|April 5th, 2014|
|automation, future, tech|
<tr> <td>Saturday<td> March<td> 18 <td><a href="http://www.thursdaycontra.com/ThirdSaturday.html"> Glenside</a> contra <td>8:00 <td><a href="contras/glenside/directions.html"> Glenside</a>When I decided I wanted to make an
.icalfeed, three years later, it was just a matter of writing a script to process this data. It was in a nice consistent format, so this wasn't too bad. Later this let me add first a script to add schedule entries on the command line, and then later another to let me add entries from my phone.
Similarly, I initially wrote my blog posts as one long html page. When I wanted to add an rss feed, I wrote a script to parse the posts, and I had been consistent enough in how I made them that the script wasn't too difficult. Later when a single page became too unwieldy and I wanted to have pages for individual posts, the rss processing code was already there to do most of the work.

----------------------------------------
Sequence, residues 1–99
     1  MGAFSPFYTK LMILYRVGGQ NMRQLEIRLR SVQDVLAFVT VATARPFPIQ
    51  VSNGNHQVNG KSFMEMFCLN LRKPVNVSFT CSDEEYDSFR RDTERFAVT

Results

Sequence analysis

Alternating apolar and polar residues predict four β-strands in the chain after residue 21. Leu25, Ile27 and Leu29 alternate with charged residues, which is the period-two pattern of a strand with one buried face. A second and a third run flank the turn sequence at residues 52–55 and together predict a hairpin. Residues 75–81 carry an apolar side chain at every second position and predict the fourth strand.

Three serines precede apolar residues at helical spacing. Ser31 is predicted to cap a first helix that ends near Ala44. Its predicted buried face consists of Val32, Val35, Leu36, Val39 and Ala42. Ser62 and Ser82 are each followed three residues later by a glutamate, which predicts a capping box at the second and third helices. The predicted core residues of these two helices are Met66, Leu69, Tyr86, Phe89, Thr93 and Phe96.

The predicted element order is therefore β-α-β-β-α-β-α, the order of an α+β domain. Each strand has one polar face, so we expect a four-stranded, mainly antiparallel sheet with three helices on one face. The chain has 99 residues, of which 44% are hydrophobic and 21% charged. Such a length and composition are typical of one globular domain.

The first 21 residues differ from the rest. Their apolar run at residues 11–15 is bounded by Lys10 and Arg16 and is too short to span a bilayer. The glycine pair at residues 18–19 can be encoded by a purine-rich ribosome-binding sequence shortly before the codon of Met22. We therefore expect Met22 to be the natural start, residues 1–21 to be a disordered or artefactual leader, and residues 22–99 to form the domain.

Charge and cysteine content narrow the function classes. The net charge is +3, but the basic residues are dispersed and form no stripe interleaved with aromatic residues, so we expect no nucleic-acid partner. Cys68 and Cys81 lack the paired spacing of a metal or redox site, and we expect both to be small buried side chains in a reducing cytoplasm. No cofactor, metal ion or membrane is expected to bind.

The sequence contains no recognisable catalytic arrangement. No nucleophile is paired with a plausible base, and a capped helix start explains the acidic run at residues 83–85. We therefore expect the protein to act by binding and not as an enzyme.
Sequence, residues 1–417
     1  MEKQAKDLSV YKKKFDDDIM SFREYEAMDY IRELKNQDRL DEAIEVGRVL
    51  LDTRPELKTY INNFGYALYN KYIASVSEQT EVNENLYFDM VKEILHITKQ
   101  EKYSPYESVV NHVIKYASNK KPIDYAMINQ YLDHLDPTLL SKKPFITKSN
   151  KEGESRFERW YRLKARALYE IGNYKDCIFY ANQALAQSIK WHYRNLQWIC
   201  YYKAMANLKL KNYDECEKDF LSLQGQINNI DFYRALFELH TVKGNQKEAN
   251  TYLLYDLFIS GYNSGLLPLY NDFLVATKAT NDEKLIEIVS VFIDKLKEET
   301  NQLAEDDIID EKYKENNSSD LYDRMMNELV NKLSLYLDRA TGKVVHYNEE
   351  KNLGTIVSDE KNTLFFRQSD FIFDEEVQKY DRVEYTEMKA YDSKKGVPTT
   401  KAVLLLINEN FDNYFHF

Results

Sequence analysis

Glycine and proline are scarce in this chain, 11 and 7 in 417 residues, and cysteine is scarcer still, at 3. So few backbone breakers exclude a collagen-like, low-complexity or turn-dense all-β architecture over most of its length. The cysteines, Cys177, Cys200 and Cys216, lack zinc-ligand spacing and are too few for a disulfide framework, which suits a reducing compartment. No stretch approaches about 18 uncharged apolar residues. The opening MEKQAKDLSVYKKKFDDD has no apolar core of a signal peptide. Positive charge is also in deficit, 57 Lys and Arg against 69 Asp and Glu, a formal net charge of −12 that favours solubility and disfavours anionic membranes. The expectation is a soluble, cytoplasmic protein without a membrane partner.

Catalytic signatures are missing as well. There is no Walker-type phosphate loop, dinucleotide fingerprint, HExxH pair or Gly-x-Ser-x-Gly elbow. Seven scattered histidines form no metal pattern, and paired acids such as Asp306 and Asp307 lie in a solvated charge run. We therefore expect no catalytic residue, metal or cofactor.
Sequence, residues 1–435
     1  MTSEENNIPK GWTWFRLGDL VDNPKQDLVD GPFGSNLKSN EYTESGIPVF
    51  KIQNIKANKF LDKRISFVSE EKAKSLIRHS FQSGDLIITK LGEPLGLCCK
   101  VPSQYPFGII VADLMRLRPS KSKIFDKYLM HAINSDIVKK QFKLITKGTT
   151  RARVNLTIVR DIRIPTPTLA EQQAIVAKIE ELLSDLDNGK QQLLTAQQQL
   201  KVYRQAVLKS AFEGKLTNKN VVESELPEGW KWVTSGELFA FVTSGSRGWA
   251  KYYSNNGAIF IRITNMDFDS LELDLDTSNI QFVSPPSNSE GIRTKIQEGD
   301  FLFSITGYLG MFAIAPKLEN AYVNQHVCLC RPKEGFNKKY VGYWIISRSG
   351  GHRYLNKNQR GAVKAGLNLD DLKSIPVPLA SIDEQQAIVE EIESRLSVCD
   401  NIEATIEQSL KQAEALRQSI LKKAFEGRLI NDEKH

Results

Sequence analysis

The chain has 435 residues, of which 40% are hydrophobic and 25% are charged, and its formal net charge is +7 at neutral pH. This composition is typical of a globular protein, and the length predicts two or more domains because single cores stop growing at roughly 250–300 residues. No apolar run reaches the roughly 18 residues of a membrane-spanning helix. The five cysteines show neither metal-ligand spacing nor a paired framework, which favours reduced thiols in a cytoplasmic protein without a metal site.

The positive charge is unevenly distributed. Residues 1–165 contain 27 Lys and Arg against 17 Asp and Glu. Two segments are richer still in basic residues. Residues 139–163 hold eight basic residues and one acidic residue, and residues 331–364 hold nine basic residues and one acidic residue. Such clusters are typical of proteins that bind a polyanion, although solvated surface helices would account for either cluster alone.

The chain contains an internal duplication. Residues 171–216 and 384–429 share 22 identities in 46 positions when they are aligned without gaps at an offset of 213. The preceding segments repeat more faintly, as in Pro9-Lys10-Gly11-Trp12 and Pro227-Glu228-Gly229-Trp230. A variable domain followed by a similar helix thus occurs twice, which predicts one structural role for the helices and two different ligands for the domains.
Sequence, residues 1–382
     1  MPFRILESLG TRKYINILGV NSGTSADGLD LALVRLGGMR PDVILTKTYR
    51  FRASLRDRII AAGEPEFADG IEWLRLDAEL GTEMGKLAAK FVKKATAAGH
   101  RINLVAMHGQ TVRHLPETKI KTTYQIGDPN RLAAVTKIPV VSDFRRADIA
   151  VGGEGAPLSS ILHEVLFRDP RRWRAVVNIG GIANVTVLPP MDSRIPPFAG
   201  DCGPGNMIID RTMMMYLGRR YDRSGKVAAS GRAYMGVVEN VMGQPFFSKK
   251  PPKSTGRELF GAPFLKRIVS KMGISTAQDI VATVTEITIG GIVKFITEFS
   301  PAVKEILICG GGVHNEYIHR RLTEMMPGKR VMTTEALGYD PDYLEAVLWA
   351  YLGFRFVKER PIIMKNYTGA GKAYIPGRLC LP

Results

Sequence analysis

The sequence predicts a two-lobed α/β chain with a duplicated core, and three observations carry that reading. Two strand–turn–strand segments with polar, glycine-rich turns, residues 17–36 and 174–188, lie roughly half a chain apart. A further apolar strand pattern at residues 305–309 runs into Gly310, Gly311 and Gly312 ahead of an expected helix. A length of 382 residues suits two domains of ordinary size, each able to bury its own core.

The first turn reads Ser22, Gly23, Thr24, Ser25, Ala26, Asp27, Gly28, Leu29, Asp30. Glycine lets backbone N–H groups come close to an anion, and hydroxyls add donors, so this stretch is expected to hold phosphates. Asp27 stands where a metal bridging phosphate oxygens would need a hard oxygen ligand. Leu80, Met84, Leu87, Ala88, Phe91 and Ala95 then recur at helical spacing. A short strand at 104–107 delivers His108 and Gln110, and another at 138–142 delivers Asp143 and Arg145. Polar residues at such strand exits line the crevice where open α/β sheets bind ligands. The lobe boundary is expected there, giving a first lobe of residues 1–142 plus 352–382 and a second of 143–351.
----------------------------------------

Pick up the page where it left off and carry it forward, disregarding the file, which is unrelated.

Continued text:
This has been a good pattern for me: when I create things on the computer I'm very consistent, which works well if I end up trying to manipulate the data programmatically later. Not everything ends up as input to something else  but it's really helpful when it does.
 Or at least not everything has yet...